On Mac, there's a "new sprite bank" entry in the Tools menu of the Development Kit. On other platforms, the Sprite Bank Editor is a separate program. Use the SLUDGE sprite bank editor to create the character, object and mouse cursor animation frames used in your game. This is how the sprite bank editor looks like with Egor the Ego loaded.
Choose "Open" from the "File" menu. Then, select a file to load.
Win/Linux: Choose "New" from the "File" menu. The program will return to a state without sprites loaded.
First of all, find the location in the sprite bank where you'd like to load an image using the slider on the bottom. (On Mac, you can also scroll left/right.) You can then either insert images before the selected sprite (by pressing "Insert Sprite(s)...") or replace the selected sprite (and following sprites if you select multiple images - currently only possible on Win/Linux) by pressing "Replace Sprite(s)...". If you push the slider to the right end, you will find an empty spot which allows adding spites to the end of the sprite bank.
The palette stuff is a relict from when SLUDGE didn't support 32-bit colour. Just toggle the "32-bit colour" radio button and that's it.
Anyway, if the radio button "Palette (open)" is selected, any new colours used by the image you're adding which aren't already in the palette are added automatically. If "Palette (closed)" is activated and if the image uses colours which don't appear in the sprite bank's palette, the closest colours which do exist in the palette will be used. If you're adding a sprite to a bank with no palette (for example, if you're creating a new bank from scratch) you can't use a closed palette as otherwise there will be no colours from which to find a closest one. Each sprite bank can use only one palette, and the maximum number of colours is 255.
The hotspot for a sprite is the point around which all scaling is to be done, and also the point which will be positioned at any given (x, y) when the sprite is displayed. For a mouse pointer, the hotspot should be positioned at the tip of the arrow or the centre of the crosshair (and so on). For a character, it is suggested that the hotspot is the point at ground level directly beneath the character's body, between the feet.
You can enter the co-ordinates of the hotspot on the right, making it easy to be pixel-perfect, but there are also the buttons "Centre" to set the hot-spot to the centre of the image (useful for inventory icons) and "Base" to set the hotspot to halfway across the bottom row of pixels (approximately the correct hotspot for characters, although you may need to then tinker with the values manually).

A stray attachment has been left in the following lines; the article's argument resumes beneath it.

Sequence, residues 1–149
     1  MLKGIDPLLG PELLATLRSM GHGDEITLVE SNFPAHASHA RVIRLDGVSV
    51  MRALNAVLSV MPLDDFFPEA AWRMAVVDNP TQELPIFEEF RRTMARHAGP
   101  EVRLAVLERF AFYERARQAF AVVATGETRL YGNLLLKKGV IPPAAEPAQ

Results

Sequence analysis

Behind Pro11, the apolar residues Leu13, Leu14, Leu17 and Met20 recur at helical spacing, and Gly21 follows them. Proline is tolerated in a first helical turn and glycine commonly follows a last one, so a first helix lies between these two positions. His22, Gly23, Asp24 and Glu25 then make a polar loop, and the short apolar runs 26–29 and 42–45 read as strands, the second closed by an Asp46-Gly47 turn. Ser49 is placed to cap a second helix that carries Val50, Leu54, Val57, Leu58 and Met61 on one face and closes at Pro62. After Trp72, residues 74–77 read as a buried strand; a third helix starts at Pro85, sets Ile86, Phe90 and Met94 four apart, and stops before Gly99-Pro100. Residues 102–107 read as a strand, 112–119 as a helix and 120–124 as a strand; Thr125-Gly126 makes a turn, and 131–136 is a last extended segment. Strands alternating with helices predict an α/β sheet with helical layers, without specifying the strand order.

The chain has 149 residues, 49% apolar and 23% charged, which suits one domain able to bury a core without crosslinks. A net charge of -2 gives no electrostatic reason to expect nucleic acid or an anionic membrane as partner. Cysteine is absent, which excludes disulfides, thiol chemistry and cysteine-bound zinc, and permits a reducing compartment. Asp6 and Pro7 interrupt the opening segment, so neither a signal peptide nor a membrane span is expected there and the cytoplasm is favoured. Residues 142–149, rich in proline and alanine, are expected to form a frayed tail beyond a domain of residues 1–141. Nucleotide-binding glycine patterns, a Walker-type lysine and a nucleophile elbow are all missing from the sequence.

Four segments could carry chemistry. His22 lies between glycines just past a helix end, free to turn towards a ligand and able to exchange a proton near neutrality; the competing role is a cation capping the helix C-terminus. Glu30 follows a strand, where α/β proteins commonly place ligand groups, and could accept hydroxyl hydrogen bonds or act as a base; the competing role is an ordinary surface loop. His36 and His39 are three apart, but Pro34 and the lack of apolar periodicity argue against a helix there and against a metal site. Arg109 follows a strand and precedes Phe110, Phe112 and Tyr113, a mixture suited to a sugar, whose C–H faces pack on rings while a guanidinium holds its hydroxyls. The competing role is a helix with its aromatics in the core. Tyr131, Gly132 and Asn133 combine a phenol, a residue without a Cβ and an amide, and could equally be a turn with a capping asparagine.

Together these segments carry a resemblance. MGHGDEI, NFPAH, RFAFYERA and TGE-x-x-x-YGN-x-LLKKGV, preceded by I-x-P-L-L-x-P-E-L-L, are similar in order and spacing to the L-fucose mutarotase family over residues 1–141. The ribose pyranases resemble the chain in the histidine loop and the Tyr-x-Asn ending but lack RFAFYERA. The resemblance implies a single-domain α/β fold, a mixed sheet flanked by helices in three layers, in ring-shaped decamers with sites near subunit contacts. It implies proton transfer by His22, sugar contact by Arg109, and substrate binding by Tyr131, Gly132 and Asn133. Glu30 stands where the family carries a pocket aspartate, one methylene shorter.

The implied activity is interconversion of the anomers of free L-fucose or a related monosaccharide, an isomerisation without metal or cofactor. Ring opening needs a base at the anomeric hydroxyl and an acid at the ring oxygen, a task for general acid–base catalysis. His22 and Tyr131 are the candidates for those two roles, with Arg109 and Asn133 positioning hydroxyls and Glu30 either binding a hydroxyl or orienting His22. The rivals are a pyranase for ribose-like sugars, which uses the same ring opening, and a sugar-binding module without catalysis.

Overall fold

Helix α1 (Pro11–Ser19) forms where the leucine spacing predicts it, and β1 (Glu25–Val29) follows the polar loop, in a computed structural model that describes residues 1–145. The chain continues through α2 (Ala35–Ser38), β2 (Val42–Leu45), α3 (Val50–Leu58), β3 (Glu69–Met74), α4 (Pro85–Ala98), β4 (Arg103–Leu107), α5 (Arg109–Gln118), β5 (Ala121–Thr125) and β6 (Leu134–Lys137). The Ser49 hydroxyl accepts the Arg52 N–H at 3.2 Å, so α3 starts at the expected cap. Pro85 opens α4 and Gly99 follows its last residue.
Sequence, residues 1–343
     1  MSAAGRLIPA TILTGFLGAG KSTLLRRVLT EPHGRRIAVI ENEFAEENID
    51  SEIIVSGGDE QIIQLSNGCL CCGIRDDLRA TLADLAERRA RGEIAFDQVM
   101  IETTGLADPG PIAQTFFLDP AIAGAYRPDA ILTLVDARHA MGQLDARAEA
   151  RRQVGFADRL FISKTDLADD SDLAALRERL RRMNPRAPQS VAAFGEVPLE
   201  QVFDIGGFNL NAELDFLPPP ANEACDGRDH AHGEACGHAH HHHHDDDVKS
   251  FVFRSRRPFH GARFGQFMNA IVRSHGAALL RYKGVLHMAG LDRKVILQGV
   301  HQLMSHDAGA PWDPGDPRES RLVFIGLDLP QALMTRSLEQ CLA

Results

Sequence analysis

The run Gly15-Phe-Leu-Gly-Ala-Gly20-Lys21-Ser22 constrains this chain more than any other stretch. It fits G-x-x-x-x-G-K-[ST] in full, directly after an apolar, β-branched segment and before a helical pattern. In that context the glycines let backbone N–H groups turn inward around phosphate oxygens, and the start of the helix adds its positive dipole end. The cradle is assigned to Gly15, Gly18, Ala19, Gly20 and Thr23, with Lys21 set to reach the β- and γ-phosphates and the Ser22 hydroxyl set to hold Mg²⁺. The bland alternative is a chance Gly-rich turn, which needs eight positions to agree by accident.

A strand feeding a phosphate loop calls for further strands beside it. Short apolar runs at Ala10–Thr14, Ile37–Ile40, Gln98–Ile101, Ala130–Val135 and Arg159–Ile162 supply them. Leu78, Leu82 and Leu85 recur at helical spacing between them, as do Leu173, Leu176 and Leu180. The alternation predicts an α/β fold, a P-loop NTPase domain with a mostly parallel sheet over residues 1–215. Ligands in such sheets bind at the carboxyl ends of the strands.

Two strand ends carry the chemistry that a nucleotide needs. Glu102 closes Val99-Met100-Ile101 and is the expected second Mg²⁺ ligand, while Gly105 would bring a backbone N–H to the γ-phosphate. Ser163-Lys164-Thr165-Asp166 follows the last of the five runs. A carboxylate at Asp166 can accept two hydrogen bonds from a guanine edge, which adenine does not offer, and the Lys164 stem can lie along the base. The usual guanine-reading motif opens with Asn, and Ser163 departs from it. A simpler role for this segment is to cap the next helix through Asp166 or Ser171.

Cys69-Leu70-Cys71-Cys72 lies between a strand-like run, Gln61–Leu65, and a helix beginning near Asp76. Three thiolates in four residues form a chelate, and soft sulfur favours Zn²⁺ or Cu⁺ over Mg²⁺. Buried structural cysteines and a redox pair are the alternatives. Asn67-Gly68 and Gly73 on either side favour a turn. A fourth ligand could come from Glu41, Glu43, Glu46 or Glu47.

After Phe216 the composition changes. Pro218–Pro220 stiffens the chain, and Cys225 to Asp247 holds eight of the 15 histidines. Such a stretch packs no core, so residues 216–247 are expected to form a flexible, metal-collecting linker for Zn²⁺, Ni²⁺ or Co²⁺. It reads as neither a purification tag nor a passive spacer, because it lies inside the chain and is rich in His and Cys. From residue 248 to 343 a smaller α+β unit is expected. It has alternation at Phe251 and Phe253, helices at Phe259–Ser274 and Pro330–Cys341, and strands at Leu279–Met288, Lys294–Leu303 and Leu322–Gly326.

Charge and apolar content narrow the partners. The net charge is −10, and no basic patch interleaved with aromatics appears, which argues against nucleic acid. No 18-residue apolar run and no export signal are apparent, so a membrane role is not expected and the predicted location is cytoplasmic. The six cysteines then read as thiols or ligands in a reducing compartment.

Win/Linux: You can also use the mouse to move the sprites to another hotspot.
Win/Linux: Sometimes the top, bottom or side of a sprite may stick out of the viewing area because of the location of the axes. In such a situation, position the mouse over the viewing region, hold down the right mouse button and drag the mouse to move the viewing area. When you're happy, release the mouse button.
Mac: You can click and drag to move the viewing area around. Zoom in and out by scrolling.
To save a sprite as a PNG file, first select the sprite you wish to save. Then hit the "Export sprite as..." button and choose where, and under which name, to save the image file.
To delete a sprite from a sprite bank, select it using the slider and then hit the "Delete Sprite" button.
To save the currently loaded sprite bank, hit either the "Save" or "Save as..." item in the "File" menu. Hitting "Save" will overwrite the file from which the sprite bank was loaded (or the file as which it was last saved, depending on which happened most recently). Hitting "Save as..." will prompt you to choose a location and name for the sprite bank file as which you wish to save.
When loading and saving individual sprites from / as TGA image files, the colour magenta (#FF00FF or 255, 0, 255) is used as transparent; the same colour as is treated as transparent by in the addOverlay and mixOverlay functions.
If you're loading and saving from/to PNG files, the aplha layer is used.
Fontify is a function that makes it easier to get fonts into SLUDGE, but it can also be used if you prefer to create your sprites on a single image before converting them into a sprite bank. It searches an image for segments that are horizontally seperated by transparency and creates a sprite out of each segment. An additional space character is created at the end of the sprite bank. As an example, lets take this image (the checkerboard pattern indicates transparency):
Fontify turns it into a sprite bank with these four sprites:
The green background is shown because the "Show sprite size" box is checked.
Fontify can be found in the "File" menu on Linux and Windows or in the "Tools" menu on Mac. After launching it you are first prompted for the width of the space character and then for an image to fontify.
SLUDGE and this SLUDGE documentation are copyright Hungry Software and contributors 2000-2012